• A Music Editor curates catalogs of music for school ensembles (and beyond), working with other composers to edit and publish their music.
  • Engravers (otherwise known as copyists) format the music to make it look uniform, readable, and clear.
  • Proofreaders proofread music before it goes to print and check for errors.
  • Music Retailers like J. W. Pepper, Stanton’s, Penders (and many, many more) often hire people with musical backgrounds to be the experts in their field.
  • Orchestrators take sketches of music and stretch them into music for full orchestra.

Maybe you have a zest for being hands-on with things. You might look into:

  • Luthier / Instrument Repair – build and fix instruments
  • Music Producer / Audio Engineer – record and mix performances
  • Music Therapist – use music as a healing device for the sick, elderly, and children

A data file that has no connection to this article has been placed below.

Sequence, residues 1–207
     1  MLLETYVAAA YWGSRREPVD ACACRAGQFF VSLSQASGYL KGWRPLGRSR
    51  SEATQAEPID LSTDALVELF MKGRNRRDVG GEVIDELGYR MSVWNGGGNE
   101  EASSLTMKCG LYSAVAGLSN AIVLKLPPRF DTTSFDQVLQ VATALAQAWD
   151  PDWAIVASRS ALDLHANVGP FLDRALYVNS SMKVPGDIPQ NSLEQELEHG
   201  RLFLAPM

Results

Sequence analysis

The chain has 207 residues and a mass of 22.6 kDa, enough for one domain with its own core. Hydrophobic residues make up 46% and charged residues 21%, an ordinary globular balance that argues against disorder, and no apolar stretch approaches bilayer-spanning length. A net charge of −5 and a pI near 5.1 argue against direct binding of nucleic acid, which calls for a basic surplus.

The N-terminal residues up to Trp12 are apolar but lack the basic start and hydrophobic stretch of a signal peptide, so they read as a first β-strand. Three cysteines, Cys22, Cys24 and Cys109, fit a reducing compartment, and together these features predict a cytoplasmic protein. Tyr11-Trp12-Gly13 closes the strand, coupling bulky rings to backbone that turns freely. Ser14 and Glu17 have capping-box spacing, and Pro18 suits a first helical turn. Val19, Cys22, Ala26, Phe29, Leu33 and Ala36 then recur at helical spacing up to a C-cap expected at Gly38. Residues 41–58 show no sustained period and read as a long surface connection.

Or maybe you have a more administrative side to you:

  • Work for an arts/music organization or non-profit
  • Own/work at a music store
  • Work for a Professional Orchestra
    • Artistic Director – plans repertoire and guests
    • Music Librarian – manages music for a professional orchestra
    • Publications Editor – writes program notes (music history)

Educators and Performers

Even being a professional musician can have many paths:

  • Concert Soloist
  • Professional Orchestra Musician
  • Conductor
  • Chamber Musician
  • Recording Artist
  • Studio Musician

As a professional musician, you might have a regular orchestra you play with, or perhaps you are part of a chamber ensemble that tours. Beyond this, though, you will likely have side gigs as a studio musician where you record music for an upcoming film or project or work with a nonprofit that visits schools or hospitals.

As a music educator, there are many career paths:

  • Teach Band, Choir, Orchestra
  • Teach General Music
  • Teach in Public Schools or Private Schools or an el Sistema program
  • Teach Private Lessons
  • Teach College/Graduate School